Let’s go on a journey to a time that took so many Americans away from their loved ones and friends. The time is the 60s, when this country was being torn apart by anti-war protests and a war raging on in a distant land. The Vietnam War was a time of hardships and struggles for many U.S. soldiers who were fighting for their country in a jungle with heat, disease and despair.
“It was hot and humid out, at least 130 degrees outside,” Great Bend Vietnam War veteran Dan Zimmerschied said. “All you could smell was war and death.”
The war was long and very costly that put the communist regime of North Vietnam, and its southern allies, known as the Viet Cong, against South Vietnam and its main ally, the United States. This war was very unpopular at home and ended with the withdrawal of U.S. forces in 1973.
There were 58,220 U.S. military fatal casualties during the Vietnam War and 153,303 wounded. Many of these soldiers were not asked to fight, but were told they had to by being drafted.
“When I turned 18, I had to go to the Selective Service Board and sign up. It was like a lottery to be drafted,” Zimmerschied said. “We signed up to die for our country and when they called us, we were ready to go.”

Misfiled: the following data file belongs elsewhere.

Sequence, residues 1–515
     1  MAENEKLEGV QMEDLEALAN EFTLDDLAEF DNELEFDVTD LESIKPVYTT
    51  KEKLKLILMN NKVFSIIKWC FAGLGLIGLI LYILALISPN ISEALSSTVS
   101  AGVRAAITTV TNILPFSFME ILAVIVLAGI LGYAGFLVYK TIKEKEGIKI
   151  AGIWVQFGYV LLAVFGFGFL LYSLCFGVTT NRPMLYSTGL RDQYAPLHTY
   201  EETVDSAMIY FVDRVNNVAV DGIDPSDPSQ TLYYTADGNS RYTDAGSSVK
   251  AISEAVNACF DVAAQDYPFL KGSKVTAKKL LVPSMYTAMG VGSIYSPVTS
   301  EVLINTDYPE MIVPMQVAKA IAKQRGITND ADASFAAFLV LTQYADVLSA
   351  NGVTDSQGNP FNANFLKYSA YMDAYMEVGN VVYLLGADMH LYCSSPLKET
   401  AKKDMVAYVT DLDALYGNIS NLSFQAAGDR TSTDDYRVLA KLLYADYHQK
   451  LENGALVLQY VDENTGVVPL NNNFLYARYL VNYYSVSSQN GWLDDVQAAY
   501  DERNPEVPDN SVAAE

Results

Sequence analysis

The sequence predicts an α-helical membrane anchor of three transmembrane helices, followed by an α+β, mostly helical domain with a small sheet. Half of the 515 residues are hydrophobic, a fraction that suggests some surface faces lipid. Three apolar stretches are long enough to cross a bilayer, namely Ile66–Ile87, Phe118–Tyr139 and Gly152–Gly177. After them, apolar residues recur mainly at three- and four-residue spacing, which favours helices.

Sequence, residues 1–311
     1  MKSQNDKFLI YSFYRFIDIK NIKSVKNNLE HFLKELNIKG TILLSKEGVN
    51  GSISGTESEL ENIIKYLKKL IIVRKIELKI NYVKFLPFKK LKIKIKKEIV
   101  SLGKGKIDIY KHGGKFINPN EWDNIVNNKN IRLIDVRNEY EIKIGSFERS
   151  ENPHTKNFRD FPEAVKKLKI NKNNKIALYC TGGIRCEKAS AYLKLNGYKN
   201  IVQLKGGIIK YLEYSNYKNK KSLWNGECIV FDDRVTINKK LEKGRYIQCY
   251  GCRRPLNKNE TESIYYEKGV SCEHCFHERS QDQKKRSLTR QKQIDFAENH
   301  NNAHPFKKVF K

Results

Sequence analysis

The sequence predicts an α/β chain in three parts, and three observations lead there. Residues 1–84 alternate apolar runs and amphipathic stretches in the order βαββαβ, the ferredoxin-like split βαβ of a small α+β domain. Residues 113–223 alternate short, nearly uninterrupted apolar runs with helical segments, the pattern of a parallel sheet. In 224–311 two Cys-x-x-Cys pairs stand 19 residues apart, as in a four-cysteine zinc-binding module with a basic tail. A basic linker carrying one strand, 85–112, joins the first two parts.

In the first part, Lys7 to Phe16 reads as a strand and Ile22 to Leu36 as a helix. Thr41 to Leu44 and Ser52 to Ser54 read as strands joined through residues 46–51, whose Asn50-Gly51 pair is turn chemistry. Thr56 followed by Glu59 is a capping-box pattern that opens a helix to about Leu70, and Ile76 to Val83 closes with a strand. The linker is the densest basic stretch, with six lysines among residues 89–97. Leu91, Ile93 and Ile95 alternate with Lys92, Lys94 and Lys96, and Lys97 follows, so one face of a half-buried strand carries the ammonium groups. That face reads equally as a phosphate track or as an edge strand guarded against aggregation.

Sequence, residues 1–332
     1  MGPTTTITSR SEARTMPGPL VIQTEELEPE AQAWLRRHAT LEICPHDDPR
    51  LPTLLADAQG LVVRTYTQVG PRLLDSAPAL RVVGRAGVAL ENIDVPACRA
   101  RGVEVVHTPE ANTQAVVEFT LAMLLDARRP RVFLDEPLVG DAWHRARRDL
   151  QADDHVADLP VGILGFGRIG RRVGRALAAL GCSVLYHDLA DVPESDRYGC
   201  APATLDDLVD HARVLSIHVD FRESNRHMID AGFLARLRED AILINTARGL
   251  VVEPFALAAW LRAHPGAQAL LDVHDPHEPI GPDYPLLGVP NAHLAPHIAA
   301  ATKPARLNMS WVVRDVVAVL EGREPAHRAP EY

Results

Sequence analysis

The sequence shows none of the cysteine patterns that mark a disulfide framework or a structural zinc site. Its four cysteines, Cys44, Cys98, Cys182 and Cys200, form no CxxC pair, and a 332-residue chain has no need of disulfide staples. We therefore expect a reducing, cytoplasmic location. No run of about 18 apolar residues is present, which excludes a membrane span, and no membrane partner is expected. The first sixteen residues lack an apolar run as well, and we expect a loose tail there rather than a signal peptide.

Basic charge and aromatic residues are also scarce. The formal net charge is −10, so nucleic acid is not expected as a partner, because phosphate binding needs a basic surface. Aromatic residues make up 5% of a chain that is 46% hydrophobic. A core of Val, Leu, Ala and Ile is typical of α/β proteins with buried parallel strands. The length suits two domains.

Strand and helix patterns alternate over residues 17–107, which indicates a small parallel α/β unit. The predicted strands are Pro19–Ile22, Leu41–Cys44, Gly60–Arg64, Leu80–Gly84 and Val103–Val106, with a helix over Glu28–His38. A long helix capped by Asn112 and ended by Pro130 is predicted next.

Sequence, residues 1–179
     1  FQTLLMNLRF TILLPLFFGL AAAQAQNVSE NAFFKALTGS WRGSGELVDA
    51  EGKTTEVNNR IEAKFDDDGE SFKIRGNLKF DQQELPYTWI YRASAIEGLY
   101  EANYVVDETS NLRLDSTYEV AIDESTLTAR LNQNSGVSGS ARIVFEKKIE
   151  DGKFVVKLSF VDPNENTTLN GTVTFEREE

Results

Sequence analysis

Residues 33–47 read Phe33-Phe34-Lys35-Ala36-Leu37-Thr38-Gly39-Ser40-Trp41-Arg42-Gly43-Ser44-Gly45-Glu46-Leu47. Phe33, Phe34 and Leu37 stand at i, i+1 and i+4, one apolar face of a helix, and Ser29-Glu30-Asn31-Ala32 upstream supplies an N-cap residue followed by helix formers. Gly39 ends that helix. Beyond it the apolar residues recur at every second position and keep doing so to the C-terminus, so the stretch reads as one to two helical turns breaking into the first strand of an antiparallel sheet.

In 1968 Barton County saw its largest draft , and many young men from Great Bend and the surrounding communities were drafted, and for five of these young men it would change their lives forever through a friendship that has lasted many years through good times and bad.
These five young men were Zimmershied, Bob Jarmer, Dave Fuzzell, John Johnson and Dennis Munoz.
The men didn’t really know of each other except on occasion when they would see each other hanging out with other friends. It wasn’t until that unforgettable bus ride that brought them together for many years to come.
The men of Barton County that were drafted were taken to Kansas City to be sworn in, get their uniforms and find out where they would be going for the next eight weeks of basic training.
On this bus ride is where this friendship of these men, was forged out of bravery and commitment, not to just the country they were fighting for, but to one another as they faced new challenges ahead.
Once they arrived in Kansas City they were given the opportunity to explore the city before being shipped off to basic training and then to war.
“We realized that we are all from the same area on the bus ride and we decided to go out on the town together for one last fling,”